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Instructors Honored for Equity and Inclusion Efforts in the Classroom

A Zoom meeting with eight participants
On Thursday, Feb. 18, in a Zoom event, Provost and Senior Vice Chancellor Ann E. Cudd announced the 2020 recipients of the Provost’s Award for Diversity in the Curriculum. Cudd was joined by recipients of this year’s award and those from previous years, as well as by John Wallace, vice provost for faculty diversity and development, and Clyde Wilson Pickett, vice chancellor for diversity, equity and inclusion, who both made remarks.

Co-sponsored by the University Center for Teaching and Learning, the awards are intended to recognize faculty whose efforts to strengthen diversity and inclusion in the classroom have resulted in impactful changes. The winners receive a $2,000 cash prize.

“We had a fantastic group of applications, and I want to congratulate all applicants for their efforts to integrate diversity and inclusion into their courses and curriculum,” said Cudd. “The selection committee’s task was certainly not an easy one.”

In his introduction to the event, Wallace expressed excitement to celebrate and elevate faculty work around diversity in the curriculum—which he noted was particularly meaningful during Black History Month.

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The University of Pittsburgh is dedicated to changing internal practices, structures and attitudes in pursuit of a truly more equitable and just Pitt. As a way to ensure transparency and accountability, a website and series of diversity dashboards are available for the community to explore.

“The classroom is the centerpiece of the work we do here at the University; this award is really designed as a tangible statement of our commitment to equity, diversity and inclusion in our curriculum,” he said. “It recognizes the amazing work our faculty have done over the course of this year, emphasizing the importance of inclusive curriculum.”

In the keynote presentation, Pickett explored the twin concepts of equity and justice.

“We must approach our work with the conviction that equity matters. Justice matters. They matter at the University of Pittsburgh, in our classrooms and beyond, in our day-to-day exchanges,” he said. “They matter in how we develop the minds that ultimately will help shape and transform the world.”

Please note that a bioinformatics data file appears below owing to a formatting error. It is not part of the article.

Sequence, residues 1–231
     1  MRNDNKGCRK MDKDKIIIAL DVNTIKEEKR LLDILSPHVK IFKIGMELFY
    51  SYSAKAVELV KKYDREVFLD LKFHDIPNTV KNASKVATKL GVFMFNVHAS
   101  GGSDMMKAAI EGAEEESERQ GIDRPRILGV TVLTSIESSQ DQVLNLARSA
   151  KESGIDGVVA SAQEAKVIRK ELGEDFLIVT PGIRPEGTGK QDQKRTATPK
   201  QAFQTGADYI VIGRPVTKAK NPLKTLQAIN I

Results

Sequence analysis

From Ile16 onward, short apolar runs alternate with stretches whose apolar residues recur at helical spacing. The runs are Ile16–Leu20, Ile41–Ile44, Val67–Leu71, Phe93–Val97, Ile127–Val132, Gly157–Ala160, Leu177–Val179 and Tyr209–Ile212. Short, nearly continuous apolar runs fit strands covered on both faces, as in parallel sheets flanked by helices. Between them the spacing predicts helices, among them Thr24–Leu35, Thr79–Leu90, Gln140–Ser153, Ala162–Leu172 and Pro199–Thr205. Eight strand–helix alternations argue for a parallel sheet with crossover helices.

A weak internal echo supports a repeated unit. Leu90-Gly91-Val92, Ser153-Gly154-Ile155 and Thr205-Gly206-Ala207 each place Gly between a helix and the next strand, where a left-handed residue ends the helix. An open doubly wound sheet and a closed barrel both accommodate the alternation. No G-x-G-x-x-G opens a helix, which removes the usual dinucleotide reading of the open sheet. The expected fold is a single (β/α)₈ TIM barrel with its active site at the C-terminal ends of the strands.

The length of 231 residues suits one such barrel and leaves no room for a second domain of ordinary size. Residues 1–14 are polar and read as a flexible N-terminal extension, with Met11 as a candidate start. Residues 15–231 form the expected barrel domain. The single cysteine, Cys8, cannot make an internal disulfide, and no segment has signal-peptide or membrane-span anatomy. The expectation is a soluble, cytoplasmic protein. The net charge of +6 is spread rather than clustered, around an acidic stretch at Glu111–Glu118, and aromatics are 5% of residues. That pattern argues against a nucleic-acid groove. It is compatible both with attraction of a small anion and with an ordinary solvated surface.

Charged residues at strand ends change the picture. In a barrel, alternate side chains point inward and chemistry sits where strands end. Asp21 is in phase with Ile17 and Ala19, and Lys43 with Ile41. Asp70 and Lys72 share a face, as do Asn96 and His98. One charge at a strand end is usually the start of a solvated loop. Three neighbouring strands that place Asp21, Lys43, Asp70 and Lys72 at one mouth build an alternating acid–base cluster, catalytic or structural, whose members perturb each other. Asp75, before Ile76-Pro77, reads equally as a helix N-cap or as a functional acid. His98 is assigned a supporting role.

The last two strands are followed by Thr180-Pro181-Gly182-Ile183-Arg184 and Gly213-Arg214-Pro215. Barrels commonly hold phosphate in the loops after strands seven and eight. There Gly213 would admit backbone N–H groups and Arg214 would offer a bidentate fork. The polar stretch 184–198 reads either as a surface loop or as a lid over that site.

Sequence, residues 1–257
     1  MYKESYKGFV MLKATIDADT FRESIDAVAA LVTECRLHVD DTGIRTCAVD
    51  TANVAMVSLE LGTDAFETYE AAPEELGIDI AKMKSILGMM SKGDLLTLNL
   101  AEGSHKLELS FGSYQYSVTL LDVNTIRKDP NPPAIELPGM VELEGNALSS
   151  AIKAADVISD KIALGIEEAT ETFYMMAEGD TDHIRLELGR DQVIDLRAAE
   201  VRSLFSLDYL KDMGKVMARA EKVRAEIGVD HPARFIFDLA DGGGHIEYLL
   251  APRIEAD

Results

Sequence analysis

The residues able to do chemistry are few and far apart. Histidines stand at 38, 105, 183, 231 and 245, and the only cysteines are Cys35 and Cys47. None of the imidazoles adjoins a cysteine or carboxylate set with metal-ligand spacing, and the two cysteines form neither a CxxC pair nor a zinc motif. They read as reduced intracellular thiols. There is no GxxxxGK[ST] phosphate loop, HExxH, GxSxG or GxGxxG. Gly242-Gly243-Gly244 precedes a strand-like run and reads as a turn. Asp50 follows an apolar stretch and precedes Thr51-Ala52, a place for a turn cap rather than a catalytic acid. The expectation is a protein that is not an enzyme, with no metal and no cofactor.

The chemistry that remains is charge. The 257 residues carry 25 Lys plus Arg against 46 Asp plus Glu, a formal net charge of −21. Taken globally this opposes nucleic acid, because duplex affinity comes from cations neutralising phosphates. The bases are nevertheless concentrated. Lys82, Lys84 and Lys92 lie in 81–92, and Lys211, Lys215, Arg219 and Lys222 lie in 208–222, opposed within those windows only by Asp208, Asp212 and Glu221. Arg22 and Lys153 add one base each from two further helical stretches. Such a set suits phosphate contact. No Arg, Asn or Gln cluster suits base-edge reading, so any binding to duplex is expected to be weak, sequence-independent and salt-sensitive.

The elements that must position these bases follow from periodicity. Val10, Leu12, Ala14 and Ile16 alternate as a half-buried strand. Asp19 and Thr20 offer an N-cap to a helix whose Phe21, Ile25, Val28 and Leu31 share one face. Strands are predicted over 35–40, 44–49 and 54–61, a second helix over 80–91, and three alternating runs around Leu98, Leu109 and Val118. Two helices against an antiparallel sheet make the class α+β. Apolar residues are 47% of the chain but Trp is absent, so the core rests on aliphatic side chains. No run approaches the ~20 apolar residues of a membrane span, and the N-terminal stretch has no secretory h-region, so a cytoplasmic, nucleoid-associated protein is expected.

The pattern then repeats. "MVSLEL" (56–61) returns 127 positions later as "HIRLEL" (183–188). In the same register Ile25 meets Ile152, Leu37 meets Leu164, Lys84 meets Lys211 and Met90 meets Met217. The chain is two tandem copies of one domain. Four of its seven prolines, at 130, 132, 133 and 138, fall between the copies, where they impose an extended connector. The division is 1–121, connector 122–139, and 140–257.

He went on to remind participants that diversity, equity and inclusion are essential components in the University’s mission to improve the world through knowledge.

“It is our duty as a University to create a space where our students and our faculty have the ability to achieve at their highest levels of success. And it is our responsibility to provide them with opportunities where the unique qualities and characteristics are valued and not considered barriers in achieving optimal success,” he said.

“Our goal should be to build on a foundation where our students not just gain a degree in a particular endeavor of study, but to invest in lifelong scholarship and in lifelong service.”

The recipients of this year’s Provost’s Award for Diversity in the Curriculum are:

Thomas Akiva, School of Education, for making equity and antiracism a central focus in the EdD program’s on-ramp course and subsequently, in the entire EdD program.

Kayla Booth, School of Computing and Information, for enhancements to the iSchool Inclusion Institute, which is a diversity, equity and inclusion initiative that prepares students from underrepresented populations for graduate study and careers in information and computing.

Zsuzsa Horvath and Christine Wankiiri-Hale, School of Dental Medicine, for guiding students in the development of curricular content for the module “When the Appointment is No Longer about Dentistry,” to help students address microaggressions and prepare them to handle and respond to inappropriate patient comments and behaviors in a culturally sensitive manner.

Lauren Jonkman, School of Pharmacy, for integrating social justice and health equity into the Population Health and Management core course in the PharmD curriculum, to ensure that all students have the knowledge and skills to identify and address inequities.

Andrew McCormick and Dara Mendez, Schools of Medicine and Public Health, for enhancing Clinical Experience courses for first-year students by introducing a book club which explored the history and ongoing practice of racism within medicine.